1. If you work for somebody else, you may lose your job…plan accordingly.

2. If you own your own business, you may go out of business…plan accordingly

3. If you don’t make enough money to support yourself, do NOT have kids. This should not be hard with the wealth of contraceptive options currently available, however I am perpetually confused as to how poor people seem to get laid so much.

4. If you work at a job that requires you to wear your name on your shirt the following items are out of the question: New Cars, Boats, Jet Skis, Concert Tickets, Vacations and eating in restaurants. These items are off limits until all income is used to improve your situation in life (community college, trade school, becoming physically attractive enough to attain promotions) You can enjoy the fruits of your labor as soon as your “labor” does not entail wearing your name on your shirt.

5. If you are overweight no amount of designer clothing will make you attractive to the opposite sex. If you are broke, start running around your block and stop eating. If you are wealthy, get plastic surgery. Either way, do it before you buy a $3000 jacket. There is a reason they don’t make Gucci in XXXL.

6. If you do not own the home you live in your car should not contain any of the following: TV’s in the head rest, rims that did not come with the car, an audio system that can be heard from 3 miles away, leather/heated seats, any video game console or a camera to show you what is happening behind you. If you can not back out of a parking space without the use of an elaborate surveillance system your license should be revoked.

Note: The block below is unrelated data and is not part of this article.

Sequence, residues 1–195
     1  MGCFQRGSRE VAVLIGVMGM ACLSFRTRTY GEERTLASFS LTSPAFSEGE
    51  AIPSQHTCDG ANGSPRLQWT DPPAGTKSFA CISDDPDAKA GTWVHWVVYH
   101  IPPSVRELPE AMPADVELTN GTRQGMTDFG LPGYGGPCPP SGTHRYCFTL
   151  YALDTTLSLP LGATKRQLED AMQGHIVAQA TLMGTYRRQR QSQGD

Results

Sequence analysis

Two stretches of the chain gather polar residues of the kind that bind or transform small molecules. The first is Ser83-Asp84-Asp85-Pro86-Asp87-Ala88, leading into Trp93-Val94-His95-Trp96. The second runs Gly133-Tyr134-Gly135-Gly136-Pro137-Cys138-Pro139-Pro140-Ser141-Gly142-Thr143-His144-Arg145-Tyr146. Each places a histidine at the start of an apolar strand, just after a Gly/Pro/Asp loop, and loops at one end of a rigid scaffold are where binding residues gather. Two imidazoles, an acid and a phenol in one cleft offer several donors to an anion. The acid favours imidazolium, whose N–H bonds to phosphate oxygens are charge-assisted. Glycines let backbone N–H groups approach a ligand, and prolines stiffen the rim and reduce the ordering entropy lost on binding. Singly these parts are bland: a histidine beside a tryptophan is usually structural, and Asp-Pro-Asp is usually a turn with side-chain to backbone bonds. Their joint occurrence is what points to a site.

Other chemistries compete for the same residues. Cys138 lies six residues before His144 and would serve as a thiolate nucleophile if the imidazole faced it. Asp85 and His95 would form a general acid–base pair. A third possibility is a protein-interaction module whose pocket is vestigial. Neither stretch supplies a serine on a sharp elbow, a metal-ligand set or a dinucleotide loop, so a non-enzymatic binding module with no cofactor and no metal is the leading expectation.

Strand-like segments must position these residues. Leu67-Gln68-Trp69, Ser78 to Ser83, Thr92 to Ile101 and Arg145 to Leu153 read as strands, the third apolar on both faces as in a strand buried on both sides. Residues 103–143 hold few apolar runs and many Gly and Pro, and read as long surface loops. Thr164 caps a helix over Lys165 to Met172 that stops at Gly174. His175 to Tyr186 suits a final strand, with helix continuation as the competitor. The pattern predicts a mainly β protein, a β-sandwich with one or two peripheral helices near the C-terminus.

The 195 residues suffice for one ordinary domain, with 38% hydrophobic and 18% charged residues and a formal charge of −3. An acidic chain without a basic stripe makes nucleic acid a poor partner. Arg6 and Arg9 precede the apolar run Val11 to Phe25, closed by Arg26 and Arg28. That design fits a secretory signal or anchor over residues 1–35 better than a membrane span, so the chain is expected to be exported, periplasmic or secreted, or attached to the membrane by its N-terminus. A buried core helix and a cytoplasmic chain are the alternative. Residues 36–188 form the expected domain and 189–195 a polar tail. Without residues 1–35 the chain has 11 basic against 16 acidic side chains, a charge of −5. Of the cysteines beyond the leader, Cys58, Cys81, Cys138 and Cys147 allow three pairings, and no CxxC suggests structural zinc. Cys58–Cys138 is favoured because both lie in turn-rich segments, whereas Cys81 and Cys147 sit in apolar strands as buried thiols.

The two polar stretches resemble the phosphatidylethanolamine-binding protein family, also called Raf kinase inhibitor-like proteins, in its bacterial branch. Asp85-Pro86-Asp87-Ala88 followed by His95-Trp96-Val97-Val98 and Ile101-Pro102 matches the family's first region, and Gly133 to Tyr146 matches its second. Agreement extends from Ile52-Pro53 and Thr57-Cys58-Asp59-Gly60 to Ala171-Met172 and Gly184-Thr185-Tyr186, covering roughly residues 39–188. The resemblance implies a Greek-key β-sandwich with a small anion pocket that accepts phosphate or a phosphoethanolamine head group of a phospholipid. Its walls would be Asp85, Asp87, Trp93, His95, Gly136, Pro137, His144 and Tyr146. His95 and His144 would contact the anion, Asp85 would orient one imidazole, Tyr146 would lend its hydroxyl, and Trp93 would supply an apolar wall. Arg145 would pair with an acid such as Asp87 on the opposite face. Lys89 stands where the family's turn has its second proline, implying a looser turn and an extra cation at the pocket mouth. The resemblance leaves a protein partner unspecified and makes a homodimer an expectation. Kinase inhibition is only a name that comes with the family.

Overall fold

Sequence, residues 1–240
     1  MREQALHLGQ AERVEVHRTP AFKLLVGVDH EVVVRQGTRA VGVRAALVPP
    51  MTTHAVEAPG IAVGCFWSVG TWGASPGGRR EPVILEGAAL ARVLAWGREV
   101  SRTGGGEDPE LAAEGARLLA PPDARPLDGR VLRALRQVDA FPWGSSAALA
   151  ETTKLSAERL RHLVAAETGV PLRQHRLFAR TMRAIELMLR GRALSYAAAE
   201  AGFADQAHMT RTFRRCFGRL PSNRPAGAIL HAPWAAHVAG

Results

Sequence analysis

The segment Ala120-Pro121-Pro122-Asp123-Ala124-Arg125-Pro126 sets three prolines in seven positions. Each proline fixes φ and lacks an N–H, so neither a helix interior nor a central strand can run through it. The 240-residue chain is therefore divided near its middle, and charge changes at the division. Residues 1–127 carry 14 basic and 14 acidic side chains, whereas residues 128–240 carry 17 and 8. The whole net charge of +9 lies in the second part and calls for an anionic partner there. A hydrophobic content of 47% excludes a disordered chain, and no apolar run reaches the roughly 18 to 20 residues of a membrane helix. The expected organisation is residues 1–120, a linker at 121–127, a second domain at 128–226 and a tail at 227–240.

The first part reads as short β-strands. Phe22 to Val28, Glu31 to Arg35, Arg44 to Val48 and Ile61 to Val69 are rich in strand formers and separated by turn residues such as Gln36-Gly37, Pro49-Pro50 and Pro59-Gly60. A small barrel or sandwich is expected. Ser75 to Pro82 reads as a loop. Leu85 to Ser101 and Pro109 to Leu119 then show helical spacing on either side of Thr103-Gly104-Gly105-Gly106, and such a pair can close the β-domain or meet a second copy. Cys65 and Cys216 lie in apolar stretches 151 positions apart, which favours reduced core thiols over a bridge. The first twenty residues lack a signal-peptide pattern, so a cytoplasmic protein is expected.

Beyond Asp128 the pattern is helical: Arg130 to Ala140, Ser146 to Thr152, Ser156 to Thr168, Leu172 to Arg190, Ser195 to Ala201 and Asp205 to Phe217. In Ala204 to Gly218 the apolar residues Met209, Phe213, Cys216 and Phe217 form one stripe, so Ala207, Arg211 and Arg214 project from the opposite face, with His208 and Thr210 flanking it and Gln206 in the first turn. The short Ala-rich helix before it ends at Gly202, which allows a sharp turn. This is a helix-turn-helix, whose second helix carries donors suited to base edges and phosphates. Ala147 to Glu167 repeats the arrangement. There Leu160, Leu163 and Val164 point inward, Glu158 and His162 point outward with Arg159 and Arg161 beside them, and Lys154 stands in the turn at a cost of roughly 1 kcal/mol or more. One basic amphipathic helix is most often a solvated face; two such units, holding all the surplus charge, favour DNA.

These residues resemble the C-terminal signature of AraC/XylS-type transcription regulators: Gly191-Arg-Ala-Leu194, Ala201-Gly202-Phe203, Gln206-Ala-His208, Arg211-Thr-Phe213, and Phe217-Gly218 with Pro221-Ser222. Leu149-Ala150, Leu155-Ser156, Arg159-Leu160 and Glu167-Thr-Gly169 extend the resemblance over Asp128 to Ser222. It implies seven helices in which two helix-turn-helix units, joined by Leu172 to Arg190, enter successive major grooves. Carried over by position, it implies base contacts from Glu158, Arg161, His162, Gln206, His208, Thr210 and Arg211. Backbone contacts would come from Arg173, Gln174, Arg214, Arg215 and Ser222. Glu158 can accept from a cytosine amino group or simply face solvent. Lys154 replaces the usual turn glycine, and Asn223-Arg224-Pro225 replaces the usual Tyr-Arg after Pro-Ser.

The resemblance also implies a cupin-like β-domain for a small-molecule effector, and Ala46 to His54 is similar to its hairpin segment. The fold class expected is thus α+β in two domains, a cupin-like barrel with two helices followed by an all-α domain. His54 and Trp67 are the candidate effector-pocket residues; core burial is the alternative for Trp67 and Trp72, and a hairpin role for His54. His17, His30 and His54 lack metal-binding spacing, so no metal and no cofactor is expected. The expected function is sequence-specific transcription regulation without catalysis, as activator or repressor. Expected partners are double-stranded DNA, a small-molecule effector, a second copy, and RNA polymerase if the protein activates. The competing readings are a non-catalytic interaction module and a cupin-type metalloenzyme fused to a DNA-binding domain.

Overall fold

7. If you are not a rapper, do not try to live like one. The fast life of Bentleys, mansions, Big Pimpin’ on yachts, jump-offs and Champagne in gold cellophane is not for regular, workin’ dudes…and since the advent of digital downloads it’s not for most rappers.

8. Don’t go to strip clubs, it is literally throwing money away. They do not like you; they are at best indifferent and in some cases actually hate you. They are paid professionals that take your money in exchange for pretending to not be repulsed by you for the length of one techno song. If you think it’s more than this or you think this is a good use of your money, you need serious psychiatric counseling (which you probably can’t afford after blowing all your dough at the Go-Go Rama).

9. Don’t use credit cards in bars. Buying everybody you know rounds of shots on your “tab” seems like a great idea, but rarely do people open up their bills a month later and say to themselves “Wow, I’m really glad I had those 3 more Long Island Iced Teas!”

10. Gambling is dumb. There are teams of mathematicians (that are still smarter than you after they drink a quart of Hennessy) working day and night to ensure that you can not beat the house. If that is not proof enough, look at your house and then look at Donald Trump’s house and ask yourself if it’s realistic for you to beat that guy at anything, ever.

Follow these if you want, I gotta run and spend the better part of the day in line at FootLocker for a pair of $300 Jordans that I may or may not actually wear.

1 comment:

BritAnnick said...

The class is a nice wish. The problem is that the people who don't need the class would be the ones actually paying attention. Plus, no amount of time in a classroom can make up for 15 years spent in company of parents who already exhibit the behaviors you describe.

You're so right though... our generation is terrible. It's actually kind of depressing.

On a lighter note... umm. Nope, I got nothing.